Capsule reviews: `Kick-Ass' and others

The Associated Press, Thursday, April 15, 2010, 2:40am (PDT)

Capsule reviews of films opening this week:

"Death at a Funeral" — The original "Death at a Funeral" only came out about three years ago, so it may seem a bit soon to resurrect it. But director Neil LaBute and an all-star cast surprisingly breathe new life into the material. The British farce about an extended family coming together for a funeral, with elaborate hijinks ensuing, debuted in 2007 to mixed reviews and minimal box office. The main problem with director Franz Oz's film was that it was all over the place in tone — veering between dry wit, scatological slapstick and sticky sentimentality — with dull sections that dragged in between. This new version works better because at least it knows what it is. LaBute just goes for it, playing up the wilder elements of the story, of which there are plenty. And the hugely talented comic cast, led by Chris Rock, Martin Lawrence and Tracy Morgan, is definitely up for such raunchy physicality — though no one is working outside his comfort level. It's a nearly verbatim remake, from chunks of dialogue to wardrobe details to an unfortunate scene of extended toilet humor. But the setting this time is the Los Angeles home of an upscale black family that's lost its patriarch. R for language, drug content and some sexual humor. 92 min. Two and a half stars out of four.

— Christy Lemire, AP Movie Critic


"Exit Through the Gift Shop" — Shrouded in shadow and his voice altered, the renown British graffiti artist known as Banksy acknowledges early in his film that it isn't "Gone With the Wind." But it is a curious and winning documentary. It's both an attempt to document the street art movement and a bemused examination about why the movie failed in that mission. Much of the joy of the film is the footage of artists like Banksy, Shepard Fairey and Invader — normally such camera-shy folk — scrambling across rooftops like burglars. It's also about the man they entrusted to document their work: an enthusiastic, mutton-chopped Frenchman named Thierry Guetta. Things unravel right around the time Guetta remakes himself as "Mister Brainwash," leaving Banksy to take up the movie and ponder whether art is a bit of a joke. R for some language. 87 minutes. Three stars out of four.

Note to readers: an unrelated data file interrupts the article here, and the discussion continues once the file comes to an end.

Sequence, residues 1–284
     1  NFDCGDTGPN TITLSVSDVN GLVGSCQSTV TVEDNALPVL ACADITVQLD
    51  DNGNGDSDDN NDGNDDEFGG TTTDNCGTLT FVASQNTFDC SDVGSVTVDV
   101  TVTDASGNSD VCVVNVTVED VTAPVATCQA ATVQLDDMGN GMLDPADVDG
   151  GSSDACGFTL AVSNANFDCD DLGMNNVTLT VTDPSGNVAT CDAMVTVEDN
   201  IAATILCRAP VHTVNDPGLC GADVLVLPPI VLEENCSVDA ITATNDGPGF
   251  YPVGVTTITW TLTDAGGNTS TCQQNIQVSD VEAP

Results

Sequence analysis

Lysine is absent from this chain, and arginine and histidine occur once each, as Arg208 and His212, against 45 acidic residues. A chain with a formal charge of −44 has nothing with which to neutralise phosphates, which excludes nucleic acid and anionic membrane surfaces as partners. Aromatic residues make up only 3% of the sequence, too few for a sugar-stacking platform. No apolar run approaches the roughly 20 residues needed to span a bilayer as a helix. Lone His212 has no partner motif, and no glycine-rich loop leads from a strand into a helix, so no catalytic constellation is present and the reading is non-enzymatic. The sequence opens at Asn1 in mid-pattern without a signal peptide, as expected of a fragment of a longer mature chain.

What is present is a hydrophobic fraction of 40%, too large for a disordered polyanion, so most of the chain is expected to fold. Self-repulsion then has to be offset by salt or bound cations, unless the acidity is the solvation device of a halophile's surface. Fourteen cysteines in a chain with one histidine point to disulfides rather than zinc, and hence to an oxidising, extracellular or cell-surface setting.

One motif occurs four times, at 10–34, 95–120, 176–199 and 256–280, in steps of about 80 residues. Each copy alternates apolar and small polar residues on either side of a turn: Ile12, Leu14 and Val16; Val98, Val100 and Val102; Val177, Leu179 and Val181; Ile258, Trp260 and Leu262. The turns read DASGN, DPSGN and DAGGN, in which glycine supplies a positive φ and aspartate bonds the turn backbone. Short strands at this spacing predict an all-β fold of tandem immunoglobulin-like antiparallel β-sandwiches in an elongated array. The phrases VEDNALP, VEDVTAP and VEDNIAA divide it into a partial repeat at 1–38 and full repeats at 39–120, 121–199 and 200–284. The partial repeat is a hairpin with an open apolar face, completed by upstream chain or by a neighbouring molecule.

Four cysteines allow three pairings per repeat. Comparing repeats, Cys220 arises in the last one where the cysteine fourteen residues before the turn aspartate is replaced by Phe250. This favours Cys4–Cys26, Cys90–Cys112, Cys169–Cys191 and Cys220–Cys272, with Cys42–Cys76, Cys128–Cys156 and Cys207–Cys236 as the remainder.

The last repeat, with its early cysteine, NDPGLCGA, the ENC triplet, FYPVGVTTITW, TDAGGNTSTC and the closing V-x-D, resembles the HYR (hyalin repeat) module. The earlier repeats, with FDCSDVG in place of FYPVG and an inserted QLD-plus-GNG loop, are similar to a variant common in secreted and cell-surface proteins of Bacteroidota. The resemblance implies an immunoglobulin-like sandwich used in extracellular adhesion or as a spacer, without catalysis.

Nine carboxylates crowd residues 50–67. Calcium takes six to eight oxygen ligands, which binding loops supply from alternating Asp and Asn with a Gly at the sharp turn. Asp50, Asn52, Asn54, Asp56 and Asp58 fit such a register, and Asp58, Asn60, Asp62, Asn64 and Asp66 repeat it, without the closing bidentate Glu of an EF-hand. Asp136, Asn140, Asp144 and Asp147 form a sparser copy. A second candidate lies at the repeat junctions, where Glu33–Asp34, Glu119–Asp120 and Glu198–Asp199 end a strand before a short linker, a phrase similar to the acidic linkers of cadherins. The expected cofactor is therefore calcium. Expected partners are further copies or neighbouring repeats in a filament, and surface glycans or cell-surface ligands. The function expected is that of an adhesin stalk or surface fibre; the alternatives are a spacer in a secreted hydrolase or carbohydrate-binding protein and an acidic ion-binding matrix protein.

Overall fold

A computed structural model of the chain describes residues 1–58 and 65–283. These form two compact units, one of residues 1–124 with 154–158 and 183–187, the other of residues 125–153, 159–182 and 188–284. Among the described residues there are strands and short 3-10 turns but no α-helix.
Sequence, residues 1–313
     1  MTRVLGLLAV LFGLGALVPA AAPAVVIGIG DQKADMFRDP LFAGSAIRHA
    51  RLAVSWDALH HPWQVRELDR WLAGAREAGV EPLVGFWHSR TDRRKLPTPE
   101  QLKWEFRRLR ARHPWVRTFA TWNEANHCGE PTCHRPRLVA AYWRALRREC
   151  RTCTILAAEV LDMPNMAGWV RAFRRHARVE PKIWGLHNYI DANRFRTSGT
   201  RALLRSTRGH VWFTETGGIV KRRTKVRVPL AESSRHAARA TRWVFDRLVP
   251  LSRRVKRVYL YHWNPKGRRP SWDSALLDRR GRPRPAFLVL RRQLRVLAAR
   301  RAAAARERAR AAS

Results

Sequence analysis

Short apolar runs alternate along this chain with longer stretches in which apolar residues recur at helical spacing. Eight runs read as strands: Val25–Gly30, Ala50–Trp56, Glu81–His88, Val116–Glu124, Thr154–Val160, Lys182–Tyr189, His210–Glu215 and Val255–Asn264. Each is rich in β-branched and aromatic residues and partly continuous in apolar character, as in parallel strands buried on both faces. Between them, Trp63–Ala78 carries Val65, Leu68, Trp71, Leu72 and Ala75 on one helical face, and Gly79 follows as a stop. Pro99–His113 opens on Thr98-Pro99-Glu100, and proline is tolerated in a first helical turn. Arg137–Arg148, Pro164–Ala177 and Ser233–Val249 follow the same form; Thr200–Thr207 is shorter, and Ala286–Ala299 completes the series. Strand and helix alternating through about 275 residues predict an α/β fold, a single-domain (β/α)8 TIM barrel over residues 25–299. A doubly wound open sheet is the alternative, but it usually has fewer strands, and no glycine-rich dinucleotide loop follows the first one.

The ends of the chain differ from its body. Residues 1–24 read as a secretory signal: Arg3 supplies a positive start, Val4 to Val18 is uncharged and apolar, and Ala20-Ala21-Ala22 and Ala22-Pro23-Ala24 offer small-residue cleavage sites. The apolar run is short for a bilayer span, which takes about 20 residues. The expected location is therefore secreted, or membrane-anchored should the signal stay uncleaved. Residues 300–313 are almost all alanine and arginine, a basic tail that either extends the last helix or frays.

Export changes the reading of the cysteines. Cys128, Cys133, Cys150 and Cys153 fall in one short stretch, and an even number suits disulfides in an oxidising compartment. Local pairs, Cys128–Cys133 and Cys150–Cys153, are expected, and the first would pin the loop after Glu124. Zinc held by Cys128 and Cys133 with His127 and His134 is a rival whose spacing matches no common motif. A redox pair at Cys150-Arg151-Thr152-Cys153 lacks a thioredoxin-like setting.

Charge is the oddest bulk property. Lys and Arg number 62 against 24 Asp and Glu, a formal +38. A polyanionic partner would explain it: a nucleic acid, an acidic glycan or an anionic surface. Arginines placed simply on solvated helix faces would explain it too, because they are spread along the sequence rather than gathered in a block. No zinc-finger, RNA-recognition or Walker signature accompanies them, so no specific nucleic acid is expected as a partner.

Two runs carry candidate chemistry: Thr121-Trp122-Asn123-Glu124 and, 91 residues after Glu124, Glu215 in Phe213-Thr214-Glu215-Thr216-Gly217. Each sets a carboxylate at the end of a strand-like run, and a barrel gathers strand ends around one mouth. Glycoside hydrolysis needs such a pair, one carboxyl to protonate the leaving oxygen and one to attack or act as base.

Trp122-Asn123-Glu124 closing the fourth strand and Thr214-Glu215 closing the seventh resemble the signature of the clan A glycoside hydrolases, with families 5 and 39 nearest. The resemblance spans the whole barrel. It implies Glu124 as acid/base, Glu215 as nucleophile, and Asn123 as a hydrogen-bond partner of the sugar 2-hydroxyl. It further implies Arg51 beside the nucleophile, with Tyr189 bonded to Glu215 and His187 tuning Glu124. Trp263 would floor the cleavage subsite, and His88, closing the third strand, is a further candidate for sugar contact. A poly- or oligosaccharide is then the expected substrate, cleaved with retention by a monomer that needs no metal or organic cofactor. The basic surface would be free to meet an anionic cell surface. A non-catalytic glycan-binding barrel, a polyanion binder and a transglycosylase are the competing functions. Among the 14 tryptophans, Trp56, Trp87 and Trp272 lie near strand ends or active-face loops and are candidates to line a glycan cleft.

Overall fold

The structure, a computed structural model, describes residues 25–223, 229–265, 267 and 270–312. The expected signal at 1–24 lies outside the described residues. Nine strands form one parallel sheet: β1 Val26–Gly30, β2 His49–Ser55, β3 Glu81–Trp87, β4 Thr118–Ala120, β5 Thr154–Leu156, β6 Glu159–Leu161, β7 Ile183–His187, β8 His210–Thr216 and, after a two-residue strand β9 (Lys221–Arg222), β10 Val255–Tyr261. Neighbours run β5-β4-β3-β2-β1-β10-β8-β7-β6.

— Jake Coyle, AP Entertainment Writer


"The Joneses" — David Duchovny and Demi Moore do a fine job hawking first-time writer-director Derrick Borte's satire of consumerism, even if the story does diminish from a razor-sharp opening to a meandering midsection to a mushy Hollywood ending. Borte presents a clever concept: A marketing company dispatches an insanely appealing family (Duchovny, Moore, Amber Heard and Ben Hollingsworth) to a new town to make their neighbors covet all the cool gadgets and products they've got. Audiences won't come away with any deep insights about our advertising age of acquisitiveness. But they will keep up with "The Joneses," whose stars make it breezy and entertaining despite the gimmick at the heart of the story. It stays fun even as the movie ultimately sells out with a fuzzy romantic climax. But like any good case of envy, the movie leaves you vaguely dissatisfied and wanting more. R for language, some sexual content, teen drinking and drug use. 95 minutes. Three stars out of four.

— David Germain, AP Movie Writer


"Kick-Ass" — Director Matthew Vaughn has made a superhero action comedy so funny fans might need to see it again just to catch the gags they missed from laughing so hard the first time. The film is seriously, nastily violent, both satirizing the excesses of superhero flicks and showing genuine, hurtful consequences of the cartoon action Hollywood serves up. As an 11-year-old masked vigilante, supporting player Chloe Grace Moretz simply owns this movie, deliriously complemented by Nicolas Cage as her doting but dotty dad. They team up with a costumed comic-book geek (Aaron Johnson) to take on a crime boss (Mark Strong) and his son, a supervillain wannabe (Christopher Mintz-Plasse). Alternately sweet, savage and scary, Moretz makes you believe she really could beat the stuffing out of grown men two or three times her size. It'll never happen, but she deserves a supporting-actress nomination come Academy Awards time. R for strong brutal violence throughout, pervasive language, sexual content, nudity and some drug content — some involving children. 118 min. Three and a half stars out of four.

— David Germain, AP Movie Writer

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